Navy Ace Guy Bordelon, VC-3 Korea, Minicraft F4U-5N Corsair
This is something that I have been wanting to do for a long time now…each year passes and I would miss it, so here goes.
Since today is Memorial Day here in the US, and in honor of our fallen veterans, I felt that this would be appropriate.
It’s about my all time favorite plane.
Exactly 77 years ago today.
29 May 1940:
The Chance Vought XF4U-1 Corsair took it’s maiden flight.
For the longest while I have been wanting to do something on this anniversary date of the first flight of the prototype, to honor the men who flew the Corsairs, the men who were supported by close air support provided by the F4U, and the plane itself.
The model I picked out for tonight’s article has a special place in memories with my Dad, who was a Korean War combat veteran serving in both Infantry and Armor units.
Let’s go back to the later 1990’s:
There was a restoration going underway at the New Smyrna airport, of a very historical plane owned by the Collings Foundation. The plane was a F4U-5NL Corsair that was operational in the Korean War, as a night fighter serving with VC-3. This was the second such restoration for this plane, as it had been “fished” out of the waters nearby offshore, (after an emergency ditching on a flight), not too long before our visit to the restoration hangar. This emergency water landing caused considerable damage to the just finished “First” restoration. Salt water and magnesium / aluminum parts do not mix very well…
Luckily the plane was destined to be restored a second time, and it can now be seen around the Country at various airshows…
My friends who worked at the restoration facility allowed my Dad and I the opportunity to get up close to the Corsair. I watched my Dad’s eyes as he looked at the plane, sometimes touching it, and a few times he even gave it an affectionate “pat” or two on the aluminum skins along the sides of the fuselage. While he was doing this, I tried my best not to let him know that I was watching. It was as if he had been transported back in time, which I’m sure he was… reliving some memories that were painful, and some that were good judging by his expressions.
I simply let my Dad have some time to himself with the Corsair…
Later on that same day, Dad opened up to me a little about some of his wartime combat experiences. He didn’t go into too many details, but he did talk about it some, which was a first with me.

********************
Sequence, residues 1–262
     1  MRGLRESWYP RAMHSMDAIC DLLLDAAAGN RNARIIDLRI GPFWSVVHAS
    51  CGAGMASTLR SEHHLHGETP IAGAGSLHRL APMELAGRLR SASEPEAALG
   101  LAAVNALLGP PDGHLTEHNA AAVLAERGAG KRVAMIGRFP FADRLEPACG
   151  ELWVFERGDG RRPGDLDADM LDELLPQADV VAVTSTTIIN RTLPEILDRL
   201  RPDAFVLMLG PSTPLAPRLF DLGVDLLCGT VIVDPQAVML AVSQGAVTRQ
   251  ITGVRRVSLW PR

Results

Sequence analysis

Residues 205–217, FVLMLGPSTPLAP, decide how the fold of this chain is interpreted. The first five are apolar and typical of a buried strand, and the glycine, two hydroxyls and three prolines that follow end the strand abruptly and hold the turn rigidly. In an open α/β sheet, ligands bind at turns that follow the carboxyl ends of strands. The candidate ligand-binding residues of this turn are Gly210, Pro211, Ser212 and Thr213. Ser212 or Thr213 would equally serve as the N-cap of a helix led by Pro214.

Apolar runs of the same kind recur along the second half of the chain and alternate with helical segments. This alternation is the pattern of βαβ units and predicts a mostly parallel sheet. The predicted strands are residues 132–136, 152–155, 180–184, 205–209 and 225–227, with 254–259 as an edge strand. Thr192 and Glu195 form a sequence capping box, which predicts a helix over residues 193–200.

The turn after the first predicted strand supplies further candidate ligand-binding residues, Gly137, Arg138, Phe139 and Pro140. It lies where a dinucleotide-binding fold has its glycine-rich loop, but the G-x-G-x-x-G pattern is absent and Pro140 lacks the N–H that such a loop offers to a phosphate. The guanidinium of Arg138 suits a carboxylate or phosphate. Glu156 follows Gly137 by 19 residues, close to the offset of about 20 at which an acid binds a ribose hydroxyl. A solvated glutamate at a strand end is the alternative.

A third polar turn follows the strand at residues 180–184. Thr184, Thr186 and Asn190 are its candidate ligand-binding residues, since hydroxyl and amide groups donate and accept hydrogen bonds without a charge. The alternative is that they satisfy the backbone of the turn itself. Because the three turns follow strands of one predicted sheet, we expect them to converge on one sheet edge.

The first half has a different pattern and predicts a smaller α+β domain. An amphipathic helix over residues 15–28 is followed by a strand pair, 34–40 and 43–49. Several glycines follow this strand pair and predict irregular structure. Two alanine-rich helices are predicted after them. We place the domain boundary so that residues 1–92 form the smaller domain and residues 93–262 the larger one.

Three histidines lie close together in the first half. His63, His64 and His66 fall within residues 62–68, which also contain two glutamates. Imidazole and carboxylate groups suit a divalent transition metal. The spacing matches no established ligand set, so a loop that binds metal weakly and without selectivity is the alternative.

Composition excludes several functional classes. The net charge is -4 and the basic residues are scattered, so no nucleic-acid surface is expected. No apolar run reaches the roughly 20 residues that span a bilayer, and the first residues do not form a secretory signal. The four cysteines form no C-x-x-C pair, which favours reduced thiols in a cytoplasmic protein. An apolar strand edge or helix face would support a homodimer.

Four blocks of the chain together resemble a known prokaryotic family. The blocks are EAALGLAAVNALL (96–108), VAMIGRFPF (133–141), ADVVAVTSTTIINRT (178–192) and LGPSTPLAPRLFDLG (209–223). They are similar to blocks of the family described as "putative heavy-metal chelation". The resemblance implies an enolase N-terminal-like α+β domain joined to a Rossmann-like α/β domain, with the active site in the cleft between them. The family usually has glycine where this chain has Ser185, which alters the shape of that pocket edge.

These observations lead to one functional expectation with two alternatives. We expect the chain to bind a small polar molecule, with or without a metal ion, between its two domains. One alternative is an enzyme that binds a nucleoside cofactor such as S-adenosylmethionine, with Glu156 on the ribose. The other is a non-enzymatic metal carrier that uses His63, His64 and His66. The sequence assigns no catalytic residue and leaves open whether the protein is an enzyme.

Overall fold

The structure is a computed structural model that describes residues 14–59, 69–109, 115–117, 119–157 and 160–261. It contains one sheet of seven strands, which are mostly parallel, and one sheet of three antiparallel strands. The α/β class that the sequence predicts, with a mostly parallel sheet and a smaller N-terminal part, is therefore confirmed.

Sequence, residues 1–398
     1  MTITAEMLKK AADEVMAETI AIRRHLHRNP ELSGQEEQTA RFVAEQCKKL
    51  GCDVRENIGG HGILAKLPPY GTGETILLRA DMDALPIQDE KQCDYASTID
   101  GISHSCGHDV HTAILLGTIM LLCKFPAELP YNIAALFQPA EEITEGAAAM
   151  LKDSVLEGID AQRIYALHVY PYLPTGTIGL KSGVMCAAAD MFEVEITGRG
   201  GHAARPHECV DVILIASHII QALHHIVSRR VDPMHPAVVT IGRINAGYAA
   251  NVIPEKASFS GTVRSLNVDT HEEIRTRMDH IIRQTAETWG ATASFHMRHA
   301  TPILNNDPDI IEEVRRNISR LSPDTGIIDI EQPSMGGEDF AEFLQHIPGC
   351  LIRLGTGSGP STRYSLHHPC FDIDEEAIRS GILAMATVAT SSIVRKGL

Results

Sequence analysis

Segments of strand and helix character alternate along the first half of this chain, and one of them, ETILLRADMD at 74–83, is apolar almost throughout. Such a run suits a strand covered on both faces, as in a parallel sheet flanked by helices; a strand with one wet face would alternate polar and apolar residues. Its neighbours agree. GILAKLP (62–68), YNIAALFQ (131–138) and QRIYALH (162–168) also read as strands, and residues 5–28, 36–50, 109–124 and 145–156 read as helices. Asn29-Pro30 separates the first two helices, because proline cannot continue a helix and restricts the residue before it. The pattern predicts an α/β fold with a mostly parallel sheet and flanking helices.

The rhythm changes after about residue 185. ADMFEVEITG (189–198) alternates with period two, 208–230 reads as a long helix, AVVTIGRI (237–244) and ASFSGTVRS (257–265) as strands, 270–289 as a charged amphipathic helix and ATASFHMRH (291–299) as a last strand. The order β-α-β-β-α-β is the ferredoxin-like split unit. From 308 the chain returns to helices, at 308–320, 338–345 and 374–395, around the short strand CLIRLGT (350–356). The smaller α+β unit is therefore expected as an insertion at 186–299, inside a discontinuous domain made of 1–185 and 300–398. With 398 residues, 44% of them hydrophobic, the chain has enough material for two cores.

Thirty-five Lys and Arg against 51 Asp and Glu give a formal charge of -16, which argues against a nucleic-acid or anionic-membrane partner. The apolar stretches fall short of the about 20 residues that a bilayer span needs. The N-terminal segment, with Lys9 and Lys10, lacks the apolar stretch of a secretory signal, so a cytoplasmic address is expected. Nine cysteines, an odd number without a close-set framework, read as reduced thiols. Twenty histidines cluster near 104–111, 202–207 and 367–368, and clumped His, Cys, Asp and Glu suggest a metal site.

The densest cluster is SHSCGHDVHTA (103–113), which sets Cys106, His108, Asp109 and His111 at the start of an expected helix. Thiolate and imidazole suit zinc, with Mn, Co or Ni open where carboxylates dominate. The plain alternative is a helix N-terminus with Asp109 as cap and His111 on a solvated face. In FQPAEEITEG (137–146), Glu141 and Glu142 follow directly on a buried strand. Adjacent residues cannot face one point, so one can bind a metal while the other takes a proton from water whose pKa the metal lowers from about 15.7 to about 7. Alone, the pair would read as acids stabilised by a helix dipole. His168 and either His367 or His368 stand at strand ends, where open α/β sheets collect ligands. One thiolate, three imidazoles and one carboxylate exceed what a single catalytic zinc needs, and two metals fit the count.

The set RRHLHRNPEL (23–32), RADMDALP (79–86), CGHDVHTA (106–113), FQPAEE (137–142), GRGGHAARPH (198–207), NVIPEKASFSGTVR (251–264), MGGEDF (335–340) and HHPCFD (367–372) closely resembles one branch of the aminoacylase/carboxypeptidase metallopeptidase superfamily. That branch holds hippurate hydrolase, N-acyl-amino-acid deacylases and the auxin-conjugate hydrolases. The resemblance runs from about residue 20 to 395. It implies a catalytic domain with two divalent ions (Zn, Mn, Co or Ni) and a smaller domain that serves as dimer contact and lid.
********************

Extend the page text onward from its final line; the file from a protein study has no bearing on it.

He told me about how he ended up fighting with the US Marines at the Chosin reservoir in Korea, after his Army unit had been pretty much decimated. He also talked about being airlifted by a C-47 from an “improvised” airfield to a hospital in Japan. Then he made his statement about the Corsair… He said that he and many others like him, the “Frozen Chosen” owed his life to the Marine Corps pilots who flew ground support missions. He said that he saw Corsairs flying with so much ordnance under the wings, that he wondered how they could remain airborne, and guessed that they may have been able to get a top speed of around 250 MPH. He said that the Marine Corps close air support pilots were “Very Good”. Then Dad told me about how he and his buddies were going along the ridges on the mountain tops, following the little dirt road below, and how they would come across areas where the Corsairs had dropped napalm on the Chinese positions along the ridgelines.
Then he stopped talking, and didn’t go into details about this with me until much later in his life. Needless to say when he finally opened up to me, the things he told me were horrific. Dad went on to serve again with other US Army units in Korea after he convalesced from his injuries.
Shortly after this visit of the Corsair restoration with my “Dear Old Dad”, the local hobby store had this model on their shelves. I just had to take it home… It’s the Minicraft F4U-5 / 5N kit number 11617.
I built it pretty much right out of the box. Back then I didn’t have access to the internet and used the kit instructions for colors. Now many years later, I know that I made quite a few mistakes. This plane has survived several moves, has been repaired a few times and is starting to show it’s wear and tear…
The markings are for Guy Bordelon,
who was the US Navy’s only “Ace”, scoring 5 kills towards the end of the Korean War. He was credited with downing three La-11’s (or La-9’s), and two Yak-18’s during a two week period between the end of June and middle July 1953. “Lucky Pierre” as he was known by his friends, survived the War and went on to become an instructor during the Vietnam War teaching survival skills to pilots. He retired after serving 29 years in the Navy and also earned the “Top Gun” award. There are several achievements here that are notable, besides the fact he was the only Navy Ace during the Korean War. All of the kills were against prop driven planes, and scored by a propeller driven plane, all at night…
Commander Bordelon passed away in 2002.
The last few pictures are of the actual plane, and show the tragic ending of the famous F4U… a scrap heap at K-6 in Korea after it had been wrecked on take off by a Air Force pilot, who survived the crash. My guess is he suffered from torque roll on take off, and failed to step hard on the right rudder pedal…
Here are some pictures below, of the Corsair that I built shortly after my Dad and I visited the hangar, and got to see first hand a fantastic restoration underway. It was the last time my Dad and I ever got to do anything like this together. He wasn’t physically able to get around too well, and didn’t like to leave the house unless it was absolutely necessary.
As usual comments are encouraged.
14 additional images. Click to enlarge.